One day after he moved a 2.3-metre-long alligator into his rescue centre, B.C.'s "Reptile Guy" was greeted by conservation officers at his door and the news he was under investigation.

Last week, Mike Hopcraft and a team of reptile lovers tackled Big Alice, an American alligator in search of a new home after her owner of 15 years decided to leave the country.

The healthy animal is now living in Hopcraft's rescue facility in Abbotsford, but its future remains up in the air after an inspection by conservation officers on Wednesday.

"The conservation officers came flying in here with their lights flashing and everything," Hopcraft told

"They came in as if I'd just killed someone."

He was told that he is now under investigation for the illegal transportation and possession of a controlled alien species.

Hopcraft hadn't yet applied for a permit to keep Big Alice, but he says he spoke with the ministry of environment before agreeing to take the alligator in, and even invited conservation officers along to supervise the transfer.

"They gave me a verbal confirmation that this was okay," he said. "When I told them about the alligator, why didn't they do anything about it at that time? Why did they wait until I got it here?"

Hopcraft added that the permit application requires photographs of the animal in question -- something he would not have been able to get until Big Alice was in his care.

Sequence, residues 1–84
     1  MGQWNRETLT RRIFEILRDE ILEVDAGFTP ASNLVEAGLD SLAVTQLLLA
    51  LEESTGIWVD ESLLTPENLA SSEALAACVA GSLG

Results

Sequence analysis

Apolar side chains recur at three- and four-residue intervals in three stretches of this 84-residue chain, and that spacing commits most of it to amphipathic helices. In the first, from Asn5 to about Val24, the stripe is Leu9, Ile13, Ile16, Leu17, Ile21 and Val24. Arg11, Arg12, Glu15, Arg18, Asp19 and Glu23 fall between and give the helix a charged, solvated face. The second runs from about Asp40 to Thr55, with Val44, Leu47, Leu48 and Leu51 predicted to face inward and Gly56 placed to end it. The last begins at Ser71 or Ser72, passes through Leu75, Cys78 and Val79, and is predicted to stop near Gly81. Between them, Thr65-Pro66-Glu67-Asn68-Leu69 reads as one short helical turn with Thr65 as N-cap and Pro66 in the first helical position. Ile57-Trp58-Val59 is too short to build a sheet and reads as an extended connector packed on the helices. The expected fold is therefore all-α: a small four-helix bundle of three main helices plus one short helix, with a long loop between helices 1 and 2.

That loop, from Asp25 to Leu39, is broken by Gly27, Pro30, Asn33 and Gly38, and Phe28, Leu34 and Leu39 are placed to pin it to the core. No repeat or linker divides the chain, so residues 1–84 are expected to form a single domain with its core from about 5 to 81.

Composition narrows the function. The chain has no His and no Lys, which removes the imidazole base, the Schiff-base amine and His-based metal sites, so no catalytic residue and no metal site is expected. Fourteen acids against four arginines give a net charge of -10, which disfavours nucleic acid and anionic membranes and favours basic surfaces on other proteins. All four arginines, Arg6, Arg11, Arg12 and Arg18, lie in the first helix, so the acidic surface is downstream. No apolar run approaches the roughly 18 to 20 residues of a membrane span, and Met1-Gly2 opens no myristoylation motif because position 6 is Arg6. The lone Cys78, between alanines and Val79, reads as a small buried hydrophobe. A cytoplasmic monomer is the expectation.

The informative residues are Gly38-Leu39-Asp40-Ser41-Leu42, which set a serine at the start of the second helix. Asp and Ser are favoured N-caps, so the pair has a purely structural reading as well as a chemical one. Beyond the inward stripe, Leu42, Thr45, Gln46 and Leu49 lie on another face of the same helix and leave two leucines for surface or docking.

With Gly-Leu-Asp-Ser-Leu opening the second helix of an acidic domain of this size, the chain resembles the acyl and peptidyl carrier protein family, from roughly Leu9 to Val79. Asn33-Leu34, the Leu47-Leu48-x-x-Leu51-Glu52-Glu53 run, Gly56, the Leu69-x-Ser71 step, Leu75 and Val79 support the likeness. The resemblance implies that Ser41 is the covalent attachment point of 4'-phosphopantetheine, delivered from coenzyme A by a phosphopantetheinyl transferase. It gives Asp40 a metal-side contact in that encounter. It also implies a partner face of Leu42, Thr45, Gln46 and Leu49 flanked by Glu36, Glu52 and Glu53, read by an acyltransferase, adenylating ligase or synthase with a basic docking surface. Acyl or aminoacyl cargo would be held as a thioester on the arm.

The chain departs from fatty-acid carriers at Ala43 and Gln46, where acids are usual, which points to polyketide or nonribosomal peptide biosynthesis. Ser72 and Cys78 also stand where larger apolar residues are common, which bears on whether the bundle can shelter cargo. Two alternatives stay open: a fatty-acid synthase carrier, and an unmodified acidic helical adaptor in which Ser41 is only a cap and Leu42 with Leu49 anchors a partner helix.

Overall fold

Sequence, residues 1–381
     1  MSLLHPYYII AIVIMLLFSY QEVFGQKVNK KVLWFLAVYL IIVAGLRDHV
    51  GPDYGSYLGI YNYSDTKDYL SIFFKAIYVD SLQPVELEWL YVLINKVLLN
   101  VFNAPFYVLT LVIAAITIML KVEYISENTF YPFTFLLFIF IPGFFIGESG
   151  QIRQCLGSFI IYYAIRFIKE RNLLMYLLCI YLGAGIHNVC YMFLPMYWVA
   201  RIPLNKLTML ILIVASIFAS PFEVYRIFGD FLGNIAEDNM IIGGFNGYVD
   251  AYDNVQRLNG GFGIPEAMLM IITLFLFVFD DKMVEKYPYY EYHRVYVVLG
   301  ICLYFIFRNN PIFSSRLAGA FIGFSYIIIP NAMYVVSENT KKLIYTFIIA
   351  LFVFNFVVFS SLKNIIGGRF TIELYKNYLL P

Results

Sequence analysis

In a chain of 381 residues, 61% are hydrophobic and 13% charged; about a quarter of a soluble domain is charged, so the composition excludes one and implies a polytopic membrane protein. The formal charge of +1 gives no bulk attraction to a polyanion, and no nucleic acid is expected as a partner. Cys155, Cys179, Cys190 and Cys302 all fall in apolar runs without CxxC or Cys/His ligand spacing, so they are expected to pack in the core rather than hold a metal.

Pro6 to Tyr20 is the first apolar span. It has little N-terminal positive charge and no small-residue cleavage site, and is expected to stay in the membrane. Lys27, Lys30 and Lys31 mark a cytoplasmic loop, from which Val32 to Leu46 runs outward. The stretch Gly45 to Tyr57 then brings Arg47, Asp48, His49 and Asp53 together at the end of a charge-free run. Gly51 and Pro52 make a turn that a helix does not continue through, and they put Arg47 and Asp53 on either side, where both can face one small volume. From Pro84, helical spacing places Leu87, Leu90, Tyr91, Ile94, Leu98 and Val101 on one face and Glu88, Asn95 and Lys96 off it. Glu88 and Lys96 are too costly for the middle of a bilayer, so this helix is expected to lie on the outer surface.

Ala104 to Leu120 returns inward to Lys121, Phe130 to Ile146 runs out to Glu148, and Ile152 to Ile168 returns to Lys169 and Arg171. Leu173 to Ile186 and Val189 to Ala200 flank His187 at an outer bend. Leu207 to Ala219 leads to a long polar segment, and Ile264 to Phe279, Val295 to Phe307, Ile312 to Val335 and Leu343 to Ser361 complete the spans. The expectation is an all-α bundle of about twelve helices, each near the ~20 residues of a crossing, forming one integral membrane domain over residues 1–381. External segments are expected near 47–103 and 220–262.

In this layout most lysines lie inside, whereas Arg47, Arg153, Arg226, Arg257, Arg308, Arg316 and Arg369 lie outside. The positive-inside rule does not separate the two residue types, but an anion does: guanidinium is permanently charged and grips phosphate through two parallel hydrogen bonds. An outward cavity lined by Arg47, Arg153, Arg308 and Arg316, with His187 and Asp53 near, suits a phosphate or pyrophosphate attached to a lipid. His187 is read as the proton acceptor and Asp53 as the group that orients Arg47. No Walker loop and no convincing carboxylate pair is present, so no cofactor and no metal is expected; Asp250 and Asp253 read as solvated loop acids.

"This is just the most the ridiculous thing. I don't know why they hate me so much. I don't know why they hate these animals," he said.

The conservation service confirmed that it is investigating Hopcraft, and officers said in an emailed statement that last week's visit was meant as an inspection.

"It was determined that public safety was not at risk as long as the containment measures in place at the time of the inspection remain in place," the statement reads.

But the statement goes on to say that the conservation service is considering a few options for dealing with Hopcraft and his missing permit.

"We can choose to take administrative action -- such as processing a permit to resolve the non-compliance -- or we can take other enforcement actions up to and including prosecution depending upon the actions of the applicant during the permit adjudication process," the statement says.

Under B.C.'s new Controlled Alien Species Regulation, the penalties for rescuers possessing alien species without a permit include fines up to $100,000 or a year in jail.

The ministry of environment says that it could also seize the alligator and transfer it to someone else's care, or even kill it if an appropriate home isn't available.

Hopcraft says that he isn't aware of another facility in the province that could handle the care of an alligator.

"What are they going to do with all my animals?" he asked. "I am saving animals' lives that they don't know how to deal with."